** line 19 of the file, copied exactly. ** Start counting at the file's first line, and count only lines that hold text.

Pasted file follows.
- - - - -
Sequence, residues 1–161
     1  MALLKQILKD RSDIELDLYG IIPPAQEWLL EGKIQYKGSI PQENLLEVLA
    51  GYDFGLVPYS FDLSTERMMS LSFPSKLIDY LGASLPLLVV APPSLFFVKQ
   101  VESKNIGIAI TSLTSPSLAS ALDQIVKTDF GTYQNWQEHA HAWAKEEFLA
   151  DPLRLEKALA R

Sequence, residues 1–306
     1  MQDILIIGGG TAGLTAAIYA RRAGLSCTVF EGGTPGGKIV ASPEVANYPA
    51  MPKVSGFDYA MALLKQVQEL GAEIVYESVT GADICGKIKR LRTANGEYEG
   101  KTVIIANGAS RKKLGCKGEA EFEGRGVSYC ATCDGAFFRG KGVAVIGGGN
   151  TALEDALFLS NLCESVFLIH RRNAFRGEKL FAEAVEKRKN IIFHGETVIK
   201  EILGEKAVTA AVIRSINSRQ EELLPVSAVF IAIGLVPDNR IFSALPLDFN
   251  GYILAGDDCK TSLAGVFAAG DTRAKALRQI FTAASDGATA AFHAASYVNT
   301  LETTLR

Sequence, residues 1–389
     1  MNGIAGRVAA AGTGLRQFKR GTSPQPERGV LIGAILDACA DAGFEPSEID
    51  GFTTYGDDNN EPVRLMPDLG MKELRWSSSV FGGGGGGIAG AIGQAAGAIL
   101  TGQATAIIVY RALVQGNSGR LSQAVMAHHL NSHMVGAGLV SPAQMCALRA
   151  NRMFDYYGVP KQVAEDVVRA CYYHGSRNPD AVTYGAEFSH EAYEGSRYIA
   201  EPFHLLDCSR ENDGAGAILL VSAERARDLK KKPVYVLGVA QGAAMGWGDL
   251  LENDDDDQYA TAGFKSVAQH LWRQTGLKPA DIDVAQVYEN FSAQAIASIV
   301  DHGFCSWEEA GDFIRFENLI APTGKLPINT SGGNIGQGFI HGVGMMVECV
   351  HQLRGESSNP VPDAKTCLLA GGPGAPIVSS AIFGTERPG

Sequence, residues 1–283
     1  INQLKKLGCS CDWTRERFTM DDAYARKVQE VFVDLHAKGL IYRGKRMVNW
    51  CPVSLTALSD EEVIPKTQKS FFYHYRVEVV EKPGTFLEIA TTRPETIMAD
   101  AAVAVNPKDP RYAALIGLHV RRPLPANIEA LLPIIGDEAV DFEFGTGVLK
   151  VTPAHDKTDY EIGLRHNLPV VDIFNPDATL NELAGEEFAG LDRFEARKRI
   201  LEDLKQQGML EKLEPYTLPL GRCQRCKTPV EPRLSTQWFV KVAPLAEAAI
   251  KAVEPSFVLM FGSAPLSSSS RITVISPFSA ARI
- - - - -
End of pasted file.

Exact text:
   201  EPFHLLDCSR ENDGAGAILL VSAERARDLK KKPVYVLGVA QGAAMGWGDL